This time of year is very nerve-wracking.

Aside from the whole three-day six-meal situation — unless you also feed your company breakfast, and then it is nine meals — the underlying theme of the upcoming holidays is pretty intense. And I am also not referring to the mark-up on round challahs, as opposed to braided challahs.

What does our future hold? Have we lived up to expectations this year? Did we take into account any of the resolutions we gave ourselves last year? Were we better people? Who will live? Who will die? Who can handle that pressure? As the wife of a gabbai, the man who thinks he is in charge this time of year, the months leading up to Rosh Hashanah and Yom Kippur are particularly stressful. I wish I was kidding. Can you say Torahs, pesichas, and chazzanim, oh my?

Do you know what it takes to give every man in shul an honor?

Sorry ladies, I am an Orthodox gal, and this is an Orthodox column. Do I agree with you that women should have as much of a place in shul as a man? No. Why? We give birth to human beings. Isn’t that responsibility enough? Don’t hate me. I mean, you can hate me and some of you probably do, but please pick a different reason — and there are so so many. I happen to be pretty happy with my role in Judaism. I would never be able to handle the minyan thing. Reading the Torah in front of a room full of people makes me dive headfirst into a panic attack, and daf yomi really does nothing for me. Sorry. (Though, if we are getting political, I am all for the yoetzet thing. I think those women are amazing and help other women who are intimidated about asking rabbis questions. But that is another topic altogether.)

So once the summer comes, when I, for a split second, think that husband #1 is going to surprise me with a vacation, he casually mentions that “the boys” are coming over. I now know that this is code for some kind of meeting in my house. A meeting of the minds. A meeting of the men who think they run the world. They always think it ends well, but husband #1 usually ends up with a few more people who don’t speak to him. And it isn’t even my fault. (And it usually isn’t his fault but as BMG — Big Mean Gabbai — it all ends up being his fault.)

The whole concept of the High Holy Days is scary. We apologize for all the things we do wrong and then we end up doing them all over again. It’s called human nature. We try and try. Sometimes we are successful in reinventing ourselves, and sometimes, not so much. But this is where the scary part comes in.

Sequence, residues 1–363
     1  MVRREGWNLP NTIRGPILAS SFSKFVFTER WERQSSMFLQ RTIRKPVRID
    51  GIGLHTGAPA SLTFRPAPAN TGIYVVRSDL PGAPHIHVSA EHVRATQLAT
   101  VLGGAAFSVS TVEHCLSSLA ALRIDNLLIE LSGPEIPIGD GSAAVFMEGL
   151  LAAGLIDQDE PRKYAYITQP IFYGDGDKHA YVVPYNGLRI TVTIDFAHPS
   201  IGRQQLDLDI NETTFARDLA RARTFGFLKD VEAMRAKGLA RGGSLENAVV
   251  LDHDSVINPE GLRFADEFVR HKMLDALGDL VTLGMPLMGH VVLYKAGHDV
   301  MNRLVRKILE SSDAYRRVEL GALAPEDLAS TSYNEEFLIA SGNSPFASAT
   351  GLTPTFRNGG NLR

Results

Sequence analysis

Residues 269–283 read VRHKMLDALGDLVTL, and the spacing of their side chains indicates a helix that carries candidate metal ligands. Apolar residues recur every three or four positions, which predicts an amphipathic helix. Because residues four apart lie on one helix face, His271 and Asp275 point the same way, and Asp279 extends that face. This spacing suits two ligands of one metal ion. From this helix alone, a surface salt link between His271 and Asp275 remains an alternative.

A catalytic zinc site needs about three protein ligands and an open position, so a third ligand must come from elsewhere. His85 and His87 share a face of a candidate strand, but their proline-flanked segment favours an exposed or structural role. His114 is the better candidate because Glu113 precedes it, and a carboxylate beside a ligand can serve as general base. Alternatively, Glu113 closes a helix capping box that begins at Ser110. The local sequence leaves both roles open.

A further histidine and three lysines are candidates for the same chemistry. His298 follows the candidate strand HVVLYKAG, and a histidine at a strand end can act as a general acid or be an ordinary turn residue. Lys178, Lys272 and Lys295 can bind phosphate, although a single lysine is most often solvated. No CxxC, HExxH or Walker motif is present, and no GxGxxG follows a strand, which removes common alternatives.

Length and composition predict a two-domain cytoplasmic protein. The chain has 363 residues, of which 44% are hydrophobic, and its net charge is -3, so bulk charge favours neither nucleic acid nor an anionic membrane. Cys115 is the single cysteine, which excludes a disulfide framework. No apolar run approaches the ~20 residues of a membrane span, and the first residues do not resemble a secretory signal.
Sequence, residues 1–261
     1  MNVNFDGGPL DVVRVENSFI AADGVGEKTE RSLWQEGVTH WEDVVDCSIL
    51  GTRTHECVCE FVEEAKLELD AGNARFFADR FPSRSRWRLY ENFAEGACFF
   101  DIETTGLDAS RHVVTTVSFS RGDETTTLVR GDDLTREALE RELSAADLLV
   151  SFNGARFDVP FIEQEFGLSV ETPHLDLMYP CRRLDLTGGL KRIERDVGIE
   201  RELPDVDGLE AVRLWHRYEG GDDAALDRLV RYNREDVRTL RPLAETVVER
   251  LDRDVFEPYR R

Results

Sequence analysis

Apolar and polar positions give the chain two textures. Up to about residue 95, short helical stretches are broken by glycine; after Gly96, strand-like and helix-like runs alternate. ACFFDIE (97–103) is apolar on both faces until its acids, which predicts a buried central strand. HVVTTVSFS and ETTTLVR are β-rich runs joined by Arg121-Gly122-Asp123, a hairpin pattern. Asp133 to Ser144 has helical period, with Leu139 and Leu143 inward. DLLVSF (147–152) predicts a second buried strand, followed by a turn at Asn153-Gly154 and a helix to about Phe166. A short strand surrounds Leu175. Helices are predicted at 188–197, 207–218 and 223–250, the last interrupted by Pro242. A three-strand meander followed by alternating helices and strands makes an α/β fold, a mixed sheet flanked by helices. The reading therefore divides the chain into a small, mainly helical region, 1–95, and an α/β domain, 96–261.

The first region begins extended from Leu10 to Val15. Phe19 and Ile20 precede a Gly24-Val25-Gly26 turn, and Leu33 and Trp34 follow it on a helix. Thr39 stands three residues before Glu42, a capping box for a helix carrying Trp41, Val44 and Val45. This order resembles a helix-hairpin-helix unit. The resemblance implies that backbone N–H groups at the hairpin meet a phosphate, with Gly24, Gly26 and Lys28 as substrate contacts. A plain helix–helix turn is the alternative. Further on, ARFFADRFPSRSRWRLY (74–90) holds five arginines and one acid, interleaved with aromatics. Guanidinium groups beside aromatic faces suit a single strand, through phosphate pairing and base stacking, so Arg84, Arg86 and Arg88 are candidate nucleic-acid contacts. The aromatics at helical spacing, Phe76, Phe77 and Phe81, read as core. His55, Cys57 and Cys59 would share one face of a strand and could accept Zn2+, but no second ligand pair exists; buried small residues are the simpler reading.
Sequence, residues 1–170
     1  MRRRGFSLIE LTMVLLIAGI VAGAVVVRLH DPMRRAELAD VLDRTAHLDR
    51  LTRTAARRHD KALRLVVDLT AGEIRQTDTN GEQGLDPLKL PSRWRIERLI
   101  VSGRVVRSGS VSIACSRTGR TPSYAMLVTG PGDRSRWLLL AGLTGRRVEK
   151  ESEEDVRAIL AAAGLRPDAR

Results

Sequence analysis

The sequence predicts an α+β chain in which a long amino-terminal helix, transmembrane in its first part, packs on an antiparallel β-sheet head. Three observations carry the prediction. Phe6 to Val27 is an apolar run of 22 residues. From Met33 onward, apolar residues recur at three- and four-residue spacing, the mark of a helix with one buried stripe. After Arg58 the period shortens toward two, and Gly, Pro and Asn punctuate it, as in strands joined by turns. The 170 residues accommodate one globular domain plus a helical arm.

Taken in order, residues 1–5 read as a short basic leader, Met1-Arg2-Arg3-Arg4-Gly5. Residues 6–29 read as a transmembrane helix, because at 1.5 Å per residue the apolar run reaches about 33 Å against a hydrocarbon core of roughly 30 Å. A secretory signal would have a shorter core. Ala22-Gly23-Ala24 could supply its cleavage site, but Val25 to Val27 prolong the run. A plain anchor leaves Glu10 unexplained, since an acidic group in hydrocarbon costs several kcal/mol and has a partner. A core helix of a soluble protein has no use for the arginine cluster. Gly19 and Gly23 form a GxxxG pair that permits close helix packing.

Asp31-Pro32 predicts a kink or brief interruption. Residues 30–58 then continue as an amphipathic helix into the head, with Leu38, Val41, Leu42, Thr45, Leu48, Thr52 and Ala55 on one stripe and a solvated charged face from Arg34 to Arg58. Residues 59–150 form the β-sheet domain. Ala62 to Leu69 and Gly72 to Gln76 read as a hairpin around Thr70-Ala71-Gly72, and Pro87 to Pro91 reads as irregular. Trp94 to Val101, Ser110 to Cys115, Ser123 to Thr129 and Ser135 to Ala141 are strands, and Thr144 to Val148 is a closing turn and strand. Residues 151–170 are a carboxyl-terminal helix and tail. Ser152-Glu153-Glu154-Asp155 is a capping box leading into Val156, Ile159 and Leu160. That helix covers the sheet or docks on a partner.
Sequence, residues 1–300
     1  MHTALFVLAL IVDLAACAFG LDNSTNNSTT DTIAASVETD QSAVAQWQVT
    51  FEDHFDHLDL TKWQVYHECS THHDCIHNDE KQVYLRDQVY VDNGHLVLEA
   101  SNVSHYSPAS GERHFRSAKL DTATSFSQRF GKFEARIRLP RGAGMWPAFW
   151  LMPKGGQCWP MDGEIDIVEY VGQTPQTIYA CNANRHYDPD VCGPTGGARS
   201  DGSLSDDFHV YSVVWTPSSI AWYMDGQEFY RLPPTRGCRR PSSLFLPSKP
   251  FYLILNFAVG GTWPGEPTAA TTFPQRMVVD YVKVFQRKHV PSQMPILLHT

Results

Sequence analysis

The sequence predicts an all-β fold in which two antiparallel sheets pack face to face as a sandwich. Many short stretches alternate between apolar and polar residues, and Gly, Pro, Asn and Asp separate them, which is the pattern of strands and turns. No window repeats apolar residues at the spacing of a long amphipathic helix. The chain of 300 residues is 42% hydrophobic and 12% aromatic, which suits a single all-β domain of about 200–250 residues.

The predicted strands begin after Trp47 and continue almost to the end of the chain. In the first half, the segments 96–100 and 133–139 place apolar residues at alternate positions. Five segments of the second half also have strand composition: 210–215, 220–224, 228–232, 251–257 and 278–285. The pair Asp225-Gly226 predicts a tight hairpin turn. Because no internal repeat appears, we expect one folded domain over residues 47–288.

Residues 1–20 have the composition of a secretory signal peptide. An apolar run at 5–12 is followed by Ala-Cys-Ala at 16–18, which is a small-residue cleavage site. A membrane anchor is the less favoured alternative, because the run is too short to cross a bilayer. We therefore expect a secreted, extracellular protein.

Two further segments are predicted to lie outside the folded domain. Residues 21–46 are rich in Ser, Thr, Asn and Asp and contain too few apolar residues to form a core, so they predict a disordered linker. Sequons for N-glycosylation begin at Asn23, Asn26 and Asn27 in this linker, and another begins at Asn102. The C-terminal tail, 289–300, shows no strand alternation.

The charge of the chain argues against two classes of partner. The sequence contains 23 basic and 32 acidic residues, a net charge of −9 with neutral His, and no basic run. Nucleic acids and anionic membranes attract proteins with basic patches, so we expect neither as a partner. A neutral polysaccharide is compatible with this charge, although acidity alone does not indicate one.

Part of this holiday season is wondering if this is our last year on earth. I hate that concept. It scared the bejabbers out of me. Because, and this column is now taking a turn, where do we go when we die? There are some people who maintain that whole ashes-to-ashes thing. But some of us are taught, when we are young, that when Moshiach comes, we come back to life. This is not an easy concept for a young kid to absorb. I learned this concept right around the time that my grandfather died. Why do they teach kids these things??? Do you know the nightmares that stem from stories like that? Trust me.

They stay with you always. Always.

Well, in honor of the High Holy Days, I wanted to impart my feeling on the world to come. Here is how it is going to go, folks. You get up there and you are divided by how long you wait between meat and milk. Three hours? To the right, by the free vending machines. Five and a half hours? Walk down the middle by the lilacs. And six hours? Just be patient, because you are getting dinner last.

That is the first division. After that, your imagination can just go wild. People who like math in one part, people who like to read in another part. Who knows? No one comes back to tell us. Unfortunately.

OK, I am going to take a deep breath now and realize, once again, that the only thing I can control (besides my thoughts, which clearly are out of control) is how I treat others. That is something we can all use a little encouragement with.

May this is year be a good one. And now, back to the kitchen….

Banji Ganchrow of Teaneck has made a lot of meatballs. Of course, one of her sons doesn’t eat meatballs, so she had better make something else.

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